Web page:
Canberra men take a dip early in the morning to pull ‘shaking’ kangaroos from Burley Griffin Lake

When Canberra man Nic Crowther took off his pants and jumped into Burley Griffin Lake this morning, he was not looking for a leisurely dip.

Mr Crowther, along with a handful of other Canberrans out for their early morning lockdown exercise, encountered a kangaroo stuck in shallow water near the Commonwealth Avenue bridge.

“Poor guy just sat in there shivering,” Mr. Crowther said.

“I’m not sure kangaroos can express a wish and a need, but he just looked like he wanted help.

Sir. Crowther said the group called wildlife experts to come and help, but eventually decided to “just deal with it at the moment.”

In the video of the rescue, Mr Crowther and another man he did not know can be seen trying to calm the kangaroo as they carry it back to shore.

‘It’s just what we do as a community’

When the video was posted on social media, the men were hailed as heroes by many in the comments, but Mr Crowther said anyone would have done the same in his position.

A man in a black hat stands in front of a lake.
Nic Crowther was out jogging early one morning when he saw the kangaroo in the lake.(

ABC News: Ian Cutmore

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“At the end of the day, I think that’s just what any warm-blooded person would do,” he said.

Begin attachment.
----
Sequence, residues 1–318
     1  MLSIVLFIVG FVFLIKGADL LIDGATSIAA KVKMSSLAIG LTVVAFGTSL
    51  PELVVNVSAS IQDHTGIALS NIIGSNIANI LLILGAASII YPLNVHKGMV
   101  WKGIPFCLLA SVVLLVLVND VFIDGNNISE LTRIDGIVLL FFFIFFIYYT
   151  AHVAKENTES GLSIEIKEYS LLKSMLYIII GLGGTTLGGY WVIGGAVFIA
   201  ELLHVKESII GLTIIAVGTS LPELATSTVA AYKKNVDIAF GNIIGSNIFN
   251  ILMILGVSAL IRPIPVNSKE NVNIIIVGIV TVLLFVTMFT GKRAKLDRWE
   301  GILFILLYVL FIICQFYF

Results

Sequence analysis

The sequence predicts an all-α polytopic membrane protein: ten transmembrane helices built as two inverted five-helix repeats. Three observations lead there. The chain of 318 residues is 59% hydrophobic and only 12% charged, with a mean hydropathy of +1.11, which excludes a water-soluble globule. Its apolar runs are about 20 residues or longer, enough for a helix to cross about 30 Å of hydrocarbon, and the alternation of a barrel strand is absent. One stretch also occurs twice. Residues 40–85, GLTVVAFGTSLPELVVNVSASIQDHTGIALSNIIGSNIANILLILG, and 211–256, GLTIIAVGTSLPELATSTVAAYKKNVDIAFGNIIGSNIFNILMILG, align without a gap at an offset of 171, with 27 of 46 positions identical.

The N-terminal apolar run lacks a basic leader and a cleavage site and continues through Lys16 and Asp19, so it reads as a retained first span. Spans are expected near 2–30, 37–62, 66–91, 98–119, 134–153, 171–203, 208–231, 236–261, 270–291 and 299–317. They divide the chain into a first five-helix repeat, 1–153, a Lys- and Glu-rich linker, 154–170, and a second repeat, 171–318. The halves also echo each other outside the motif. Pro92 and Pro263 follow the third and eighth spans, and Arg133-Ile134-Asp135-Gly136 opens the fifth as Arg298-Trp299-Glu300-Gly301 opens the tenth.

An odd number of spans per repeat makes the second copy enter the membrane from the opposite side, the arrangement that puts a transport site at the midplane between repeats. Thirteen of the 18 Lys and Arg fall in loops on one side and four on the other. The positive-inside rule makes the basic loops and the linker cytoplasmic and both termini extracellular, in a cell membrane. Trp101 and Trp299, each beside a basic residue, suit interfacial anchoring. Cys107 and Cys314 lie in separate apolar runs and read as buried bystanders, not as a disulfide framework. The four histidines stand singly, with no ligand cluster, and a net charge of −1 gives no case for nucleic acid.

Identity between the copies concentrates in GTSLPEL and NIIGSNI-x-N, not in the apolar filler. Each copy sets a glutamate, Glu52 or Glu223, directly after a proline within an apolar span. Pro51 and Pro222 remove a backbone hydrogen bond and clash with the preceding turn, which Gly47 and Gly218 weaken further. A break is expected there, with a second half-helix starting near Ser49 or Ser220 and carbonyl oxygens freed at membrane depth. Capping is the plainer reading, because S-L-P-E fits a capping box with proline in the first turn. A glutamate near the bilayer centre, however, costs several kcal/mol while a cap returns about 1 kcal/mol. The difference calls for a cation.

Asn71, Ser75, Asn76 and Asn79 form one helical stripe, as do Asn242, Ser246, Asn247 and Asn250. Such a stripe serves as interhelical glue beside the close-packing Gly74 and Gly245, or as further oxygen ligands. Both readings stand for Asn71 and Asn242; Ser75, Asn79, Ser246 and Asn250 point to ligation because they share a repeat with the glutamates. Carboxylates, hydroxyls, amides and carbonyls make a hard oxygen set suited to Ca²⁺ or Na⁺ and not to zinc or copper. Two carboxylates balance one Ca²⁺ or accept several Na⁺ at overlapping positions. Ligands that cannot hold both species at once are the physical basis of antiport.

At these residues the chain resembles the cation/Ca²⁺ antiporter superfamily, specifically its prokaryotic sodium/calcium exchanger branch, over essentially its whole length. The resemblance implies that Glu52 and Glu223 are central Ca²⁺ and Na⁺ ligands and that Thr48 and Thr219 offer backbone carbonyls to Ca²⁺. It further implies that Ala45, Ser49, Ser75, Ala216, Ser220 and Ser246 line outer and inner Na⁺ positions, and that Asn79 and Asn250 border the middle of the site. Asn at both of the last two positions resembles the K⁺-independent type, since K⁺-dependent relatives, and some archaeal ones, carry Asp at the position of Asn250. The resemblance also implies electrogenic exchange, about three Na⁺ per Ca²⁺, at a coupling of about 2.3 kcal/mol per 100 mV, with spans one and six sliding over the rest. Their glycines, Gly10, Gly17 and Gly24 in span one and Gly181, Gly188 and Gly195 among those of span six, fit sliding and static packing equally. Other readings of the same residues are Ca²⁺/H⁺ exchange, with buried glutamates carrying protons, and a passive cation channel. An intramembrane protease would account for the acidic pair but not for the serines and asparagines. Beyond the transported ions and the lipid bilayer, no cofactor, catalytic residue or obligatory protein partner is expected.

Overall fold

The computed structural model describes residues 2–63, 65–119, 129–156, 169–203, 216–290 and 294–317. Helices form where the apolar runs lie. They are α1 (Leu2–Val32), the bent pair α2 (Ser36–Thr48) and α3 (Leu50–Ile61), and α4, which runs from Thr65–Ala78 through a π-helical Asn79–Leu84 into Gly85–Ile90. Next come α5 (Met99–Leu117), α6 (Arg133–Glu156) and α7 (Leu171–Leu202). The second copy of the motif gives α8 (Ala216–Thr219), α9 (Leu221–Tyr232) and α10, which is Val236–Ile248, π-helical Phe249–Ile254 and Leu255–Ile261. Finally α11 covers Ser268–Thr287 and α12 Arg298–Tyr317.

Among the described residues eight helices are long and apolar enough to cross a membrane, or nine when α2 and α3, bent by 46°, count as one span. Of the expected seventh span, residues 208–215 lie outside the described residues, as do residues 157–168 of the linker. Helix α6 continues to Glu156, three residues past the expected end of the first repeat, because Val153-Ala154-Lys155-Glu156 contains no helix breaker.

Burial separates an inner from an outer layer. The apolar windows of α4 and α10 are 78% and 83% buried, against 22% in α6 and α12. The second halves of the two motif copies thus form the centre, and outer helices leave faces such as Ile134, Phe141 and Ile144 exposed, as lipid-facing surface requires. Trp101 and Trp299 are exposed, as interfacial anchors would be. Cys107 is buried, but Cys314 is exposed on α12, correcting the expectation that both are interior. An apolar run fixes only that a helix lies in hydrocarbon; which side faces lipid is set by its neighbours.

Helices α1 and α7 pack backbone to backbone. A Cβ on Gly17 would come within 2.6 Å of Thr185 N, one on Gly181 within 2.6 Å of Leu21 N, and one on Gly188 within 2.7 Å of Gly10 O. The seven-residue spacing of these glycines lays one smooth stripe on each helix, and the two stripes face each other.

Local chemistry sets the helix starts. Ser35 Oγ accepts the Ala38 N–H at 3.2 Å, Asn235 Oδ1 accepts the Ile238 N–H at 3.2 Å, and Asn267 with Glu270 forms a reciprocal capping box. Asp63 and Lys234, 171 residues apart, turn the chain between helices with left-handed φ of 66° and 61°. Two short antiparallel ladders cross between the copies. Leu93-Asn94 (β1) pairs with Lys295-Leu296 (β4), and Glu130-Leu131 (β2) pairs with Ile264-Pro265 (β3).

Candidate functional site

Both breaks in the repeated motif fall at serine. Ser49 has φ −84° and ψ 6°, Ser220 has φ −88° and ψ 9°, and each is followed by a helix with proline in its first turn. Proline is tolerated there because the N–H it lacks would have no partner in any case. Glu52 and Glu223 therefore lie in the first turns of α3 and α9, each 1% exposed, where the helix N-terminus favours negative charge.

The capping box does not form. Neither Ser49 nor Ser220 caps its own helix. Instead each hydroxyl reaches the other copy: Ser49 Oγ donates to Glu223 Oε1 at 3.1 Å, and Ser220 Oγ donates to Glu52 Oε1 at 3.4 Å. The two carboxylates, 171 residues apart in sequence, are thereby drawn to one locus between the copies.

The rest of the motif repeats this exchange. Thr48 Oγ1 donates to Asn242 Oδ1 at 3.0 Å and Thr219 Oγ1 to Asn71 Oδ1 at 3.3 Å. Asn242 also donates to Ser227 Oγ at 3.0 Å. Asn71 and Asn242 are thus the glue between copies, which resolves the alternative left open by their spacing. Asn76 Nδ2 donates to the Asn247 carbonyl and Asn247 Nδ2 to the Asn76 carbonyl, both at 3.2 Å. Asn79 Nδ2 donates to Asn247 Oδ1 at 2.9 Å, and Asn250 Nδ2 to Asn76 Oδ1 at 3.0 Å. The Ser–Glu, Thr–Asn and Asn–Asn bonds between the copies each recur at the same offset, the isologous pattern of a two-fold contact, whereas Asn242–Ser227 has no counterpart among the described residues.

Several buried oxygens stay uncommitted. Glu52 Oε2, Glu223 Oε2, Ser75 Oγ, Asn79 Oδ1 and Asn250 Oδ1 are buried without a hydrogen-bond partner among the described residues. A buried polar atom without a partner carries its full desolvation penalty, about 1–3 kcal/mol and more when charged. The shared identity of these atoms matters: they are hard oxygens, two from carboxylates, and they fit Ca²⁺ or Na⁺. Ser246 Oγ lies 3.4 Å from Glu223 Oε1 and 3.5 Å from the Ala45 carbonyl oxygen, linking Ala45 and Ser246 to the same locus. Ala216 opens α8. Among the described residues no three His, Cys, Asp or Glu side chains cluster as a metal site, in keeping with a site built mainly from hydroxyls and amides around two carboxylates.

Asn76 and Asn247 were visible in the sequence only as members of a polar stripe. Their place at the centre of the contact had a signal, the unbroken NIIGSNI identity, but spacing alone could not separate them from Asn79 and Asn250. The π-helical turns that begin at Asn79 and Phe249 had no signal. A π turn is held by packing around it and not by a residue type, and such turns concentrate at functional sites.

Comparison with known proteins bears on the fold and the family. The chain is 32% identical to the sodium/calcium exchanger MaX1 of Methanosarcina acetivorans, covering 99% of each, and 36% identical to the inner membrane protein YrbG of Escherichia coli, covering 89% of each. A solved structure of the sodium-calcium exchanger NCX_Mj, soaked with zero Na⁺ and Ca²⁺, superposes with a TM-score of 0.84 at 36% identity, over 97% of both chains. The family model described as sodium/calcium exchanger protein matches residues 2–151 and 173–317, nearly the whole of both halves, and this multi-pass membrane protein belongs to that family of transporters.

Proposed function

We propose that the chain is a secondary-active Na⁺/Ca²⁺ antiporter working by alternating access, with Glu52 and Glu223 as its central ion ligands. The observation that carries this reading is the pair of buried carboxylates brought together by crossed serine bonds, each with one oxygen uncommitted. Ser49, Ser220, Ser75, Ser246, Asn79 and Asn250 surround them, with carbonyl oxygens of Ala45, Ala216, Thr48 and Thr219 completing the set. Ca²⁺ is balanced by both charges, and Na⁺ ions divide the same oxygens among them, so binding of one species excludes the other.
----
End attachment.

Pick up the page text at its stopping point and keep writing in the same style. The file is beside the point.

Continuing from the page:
“You help animals or people or whatever you need now, and we’ve seen it so many times over the years.

Sir. Crowther said the kangaroo stayed with its rescuers for a while after it was pulled out of the lake.

“I would think it was to say thank you, but the reality is that it was probably a little confused,” he said.

“There were a few times it tried to have a bit of a box, but I think it was just in a bit of a confused state.”

This morning’s sea rescue was not the first for the capital. In 2019, a kangaroo initially defied the water police’s efforts to free it from the lake – jumping right back in after being fished out with a jet ski.

And it’s not just creatures that fall victim to the lake’s call — earlier in the year, a fast-thinking cyclist hesitated “not even” as he rescued a three-year-old boy who had run straight from the trail into the city’s watery centerpiece .

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